By MARK ROOSA
The Bicentennial exhibition "John Bull and Uncle Sam: Four Centuries of British-American Relations" features a marvelous assortment of materials important to the history and culture of both countries.
The exhibition, which includes a mix of 200 books, manuscripts and broadsides, traces the special relationship between Great Britain and the United States. It draws on collections housed at the British Library and the Library of Congress and will include some items that have never been on public display.
Select items from the Library's collection were reviewed prior to the exhibition. This has provided conservation staff with a unique opportunity to treat some of our nation's top cultural artifacts. So far, about half of the items slated for display have been stabilized for the exhibition, which is to travel to the British Library at a later date.
Since the scope of materials selected includes both book and paper formats, the review and treatment of items was distributed throughout the conservation division. Included in the first round of items treated are some fascinating works with special conservation needs.
Probably one of the most important Library of Congress documents to be included in the exhibition is Abraham Lincoln's draft of the Emancipation Proclamation. Considered one of the Library's "top treasures," this one-page manuscript has received conservation attention on several occasions to protect it for future generations. It and a handful of the Library's most valuable items are stored in a temperature- and humidity-controlled vault to retard degradation. The November exhibition is one of the rare times that the document will be on public display.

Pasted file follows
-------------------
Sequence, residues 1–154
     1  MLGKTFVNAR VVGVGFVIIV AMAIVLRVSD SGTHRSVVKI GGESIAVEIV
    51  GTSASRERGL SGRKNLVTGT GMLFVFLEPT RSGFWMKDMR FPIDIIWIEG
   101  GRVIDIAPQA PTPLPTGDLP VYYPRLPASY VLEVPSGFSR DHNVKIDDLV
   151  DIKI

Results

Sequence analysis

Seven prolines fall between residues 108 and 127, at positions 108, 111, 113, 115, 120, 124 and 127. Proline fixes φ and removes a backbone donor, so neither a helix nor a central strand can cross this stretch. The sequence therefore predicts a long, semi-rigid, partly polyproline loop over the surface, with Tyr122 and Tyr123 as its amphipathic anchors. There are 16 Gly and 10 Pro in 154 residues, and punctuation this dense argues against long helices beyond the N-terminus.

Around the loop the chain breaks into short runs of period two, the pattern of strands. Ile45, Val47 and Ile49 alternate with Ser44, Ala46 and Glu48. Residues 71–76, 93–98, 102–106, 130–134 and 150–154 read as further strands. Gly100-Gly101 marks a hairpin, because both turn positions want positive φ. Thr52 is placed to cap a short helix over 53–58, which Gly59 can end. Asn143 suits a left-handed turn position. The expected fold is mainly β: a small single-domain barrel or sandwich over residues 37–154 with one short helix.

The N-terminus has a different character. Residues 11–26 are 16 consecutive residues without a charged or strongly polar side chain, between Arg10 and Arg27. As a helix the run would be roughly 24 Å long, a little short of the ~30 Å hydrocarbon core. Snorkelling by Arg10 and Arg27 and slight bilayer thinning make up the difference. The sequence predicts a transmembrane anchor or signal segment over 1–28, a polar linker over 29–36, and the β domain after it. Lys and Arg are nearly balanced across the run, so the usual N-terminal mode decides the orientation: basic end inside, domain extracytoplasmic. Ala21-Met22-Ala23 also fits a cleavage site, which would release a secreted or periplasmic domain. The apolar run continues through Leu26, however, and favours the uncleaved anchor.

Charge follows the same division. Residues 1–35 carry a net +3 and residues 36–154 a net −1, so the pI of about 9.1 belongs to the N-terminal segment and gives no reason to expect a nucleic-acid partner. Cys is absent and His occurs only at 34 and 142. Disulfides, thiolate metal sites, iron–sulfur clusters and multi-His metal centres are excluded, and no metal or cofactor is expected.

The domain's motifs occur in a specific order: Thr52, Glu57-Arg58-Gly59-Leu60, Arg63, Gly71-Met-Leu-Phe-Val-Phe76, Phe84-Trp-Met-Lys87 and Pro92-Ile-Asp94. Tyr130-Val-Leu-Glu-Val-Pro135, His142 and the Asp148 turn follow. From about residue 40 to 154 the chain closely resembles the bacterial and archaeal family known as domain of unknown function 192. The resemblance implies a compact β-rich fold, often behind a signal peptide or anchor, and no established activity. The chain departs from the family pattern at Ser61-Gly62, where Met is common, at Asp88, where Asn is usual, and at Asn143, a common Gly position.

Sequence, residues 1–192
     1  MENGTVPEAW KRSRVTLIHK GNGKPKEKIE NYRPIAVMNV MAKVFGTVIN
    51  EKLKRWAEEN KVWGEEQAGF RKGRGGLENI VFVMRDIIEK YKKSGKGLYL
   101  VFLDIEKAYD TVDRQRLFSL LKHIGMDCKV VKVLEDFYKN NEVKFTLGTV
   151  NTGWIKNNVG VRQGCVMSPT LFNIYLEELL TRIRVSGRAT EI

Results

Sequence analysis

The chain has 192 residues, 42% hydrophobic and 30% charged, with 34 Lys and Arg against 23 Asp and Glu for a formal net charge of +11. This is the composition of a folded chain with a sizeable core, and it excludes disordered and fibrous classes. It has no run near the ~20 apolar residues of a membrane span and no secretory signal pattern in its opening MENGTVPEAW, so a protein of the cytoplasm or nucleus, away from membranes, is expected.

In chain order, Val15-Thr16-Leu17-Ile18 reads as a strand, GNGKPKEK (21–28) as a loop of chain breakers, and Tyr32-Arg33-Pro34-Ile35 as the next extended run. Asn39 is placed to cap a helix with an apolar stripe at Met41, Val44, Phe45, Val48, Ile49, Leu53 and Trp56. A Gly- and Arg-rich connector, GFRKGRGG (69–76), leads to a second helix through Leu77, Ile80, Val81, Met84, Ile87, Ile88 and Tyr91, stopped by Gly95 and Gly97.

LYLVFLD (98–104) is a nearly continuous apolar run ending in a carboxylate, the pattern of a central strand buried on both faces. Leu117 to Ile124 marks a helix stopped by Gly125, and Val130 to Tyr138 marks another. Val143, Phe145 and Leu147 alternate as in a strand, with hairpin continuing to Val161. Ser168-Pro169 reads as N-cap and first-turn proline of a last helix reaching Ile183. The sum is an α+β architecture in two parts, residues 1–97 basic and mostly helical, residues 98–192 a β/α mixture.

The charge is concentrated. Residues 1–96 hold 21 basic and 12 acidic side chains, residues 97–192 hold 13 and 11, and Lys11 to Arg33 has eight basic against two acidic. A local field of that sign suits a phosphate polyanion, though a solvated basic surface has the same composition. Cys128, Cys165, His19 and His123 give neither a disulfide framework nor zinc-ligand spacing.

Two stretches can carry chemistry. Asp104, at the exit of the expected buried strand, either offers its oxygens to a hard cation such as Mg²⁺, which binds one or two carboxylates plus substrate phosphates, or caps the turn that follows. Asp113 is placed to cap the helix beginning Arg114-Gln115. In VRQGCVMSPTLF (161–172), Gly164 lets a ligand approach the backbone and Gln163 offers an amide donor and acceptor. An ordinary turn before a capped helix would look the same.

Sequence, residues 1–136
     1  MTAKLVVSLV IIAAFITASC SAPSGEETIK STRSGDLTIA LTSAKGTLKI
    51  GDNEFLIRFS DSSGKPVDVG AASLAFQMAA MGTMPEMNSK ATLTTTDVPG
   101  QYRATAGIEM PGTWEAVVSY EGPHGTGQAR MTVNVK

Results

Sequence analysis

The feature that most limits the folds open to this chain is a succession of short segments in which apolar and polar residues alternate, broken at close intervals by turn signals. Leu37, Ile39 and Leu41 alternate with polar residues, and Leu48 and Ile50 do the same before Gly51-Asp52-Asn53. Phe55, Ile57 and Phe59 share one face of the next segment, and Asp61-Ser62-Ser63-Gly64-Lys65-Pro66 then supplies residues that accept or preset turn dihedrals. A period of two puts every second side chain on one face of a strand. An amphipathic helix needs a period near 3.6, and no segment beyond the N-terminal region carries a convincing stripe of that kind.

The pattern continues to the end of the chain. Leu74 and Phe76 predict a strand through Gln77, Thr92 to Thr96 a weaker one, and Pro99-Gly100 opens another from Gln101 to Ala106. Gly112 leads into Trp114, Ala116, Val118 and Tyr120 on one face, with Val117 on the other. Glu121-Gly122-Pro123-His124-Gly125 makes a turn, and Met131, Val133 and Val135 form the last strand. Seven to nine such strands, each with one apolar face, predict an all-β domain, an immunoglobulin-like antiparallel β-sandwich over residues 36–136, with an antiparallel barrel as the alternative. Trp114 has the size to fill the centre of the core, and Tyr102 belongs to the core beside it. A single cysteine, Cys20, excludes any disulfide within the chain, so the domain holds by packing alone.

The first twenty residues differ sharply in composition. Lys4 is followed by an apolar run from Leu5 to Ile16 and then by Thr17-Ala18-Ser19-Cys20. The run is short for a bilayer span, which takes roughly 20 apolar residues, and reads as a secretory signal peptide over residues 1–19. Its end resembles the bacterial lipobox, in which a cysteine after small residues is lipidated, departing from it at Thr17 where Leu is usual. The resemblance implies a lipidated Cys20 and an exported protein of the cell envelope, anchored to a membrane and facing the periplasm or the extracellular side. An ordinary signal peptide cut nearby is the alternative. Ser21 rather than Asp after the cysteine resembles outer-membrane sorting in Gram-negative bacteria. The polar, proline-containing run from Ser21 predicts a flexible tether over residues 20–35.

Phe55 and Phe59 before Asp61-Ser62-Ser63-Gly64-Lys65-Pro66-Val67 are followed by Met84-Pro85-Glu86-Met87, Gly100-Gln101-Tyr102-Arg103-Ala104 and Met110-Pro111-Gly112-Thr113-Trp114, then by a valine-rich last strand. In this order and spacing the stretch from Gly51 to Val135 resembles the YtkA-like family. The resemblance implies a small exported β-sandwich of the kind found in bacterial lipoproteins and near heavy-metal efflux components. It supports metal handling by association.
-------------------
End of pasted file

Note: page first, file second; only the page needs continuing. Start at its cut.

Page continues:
A copy of the Stamp Act, published in London in 1765, is also included in the exhibition and, according to the curator, James Hutson, is notable because, "it laid taxes on the American Colonies and initiated the dispute that led to the American Revolution." The Stamp Act is in the form of a pamphlet that had been bound into a volume. The title page had been lined with a modern machine-made paper and all of the folios were guarded with heavy white machine-made paper. The title page lining sheet and all previous mends were removed by immersing the pages in water. The pages were deacidified with magnesium bicarbonate. They were mended and folios guarded with Japanese paper and rice starch paste. The pamphlet was resewn and placed in a new handmade paper cover.
Also included is the first American edition of Shakespeare's Plays, published in Philadelphia in 1795. To prepare the title page and frontispiece of this volume for exhibition some small tears were mended with Japanese paper and wheat starch paste. The frontispiece was removed, repaired and guarded with a hinge so that it could be opened without creasing and breaking the page.
The Sketch Book of Geoffrey Crayon by Gentleman Washington Irving (1819) is included in the exhibit because, "it was the first book written by an American that was well received by English critics" says Mr. Hutson. Like many volumes produced during this period, the leather covering material (calf) was badly deteriorated and both covers were detached from the textblock. To prepare the book for exhibition, it was rebacked with new leather and then boards were reattached.
Mark Twain's Huckleberry Finn (London 1884), notable because it was extraordinarily popular in Great Britain, is bound in full publishers cloth decorated with colorful stamped impressions. The cloth used for the cover had become brittle and pieces of the spine were breaking off. The cover was carefully removed and the spine reinforced with two layers of Japanese paper. Pieces of the spine that had become detached were reattached. The case was then refitted to the volume.
Mr. Roosa is the chief of the Conservation Division.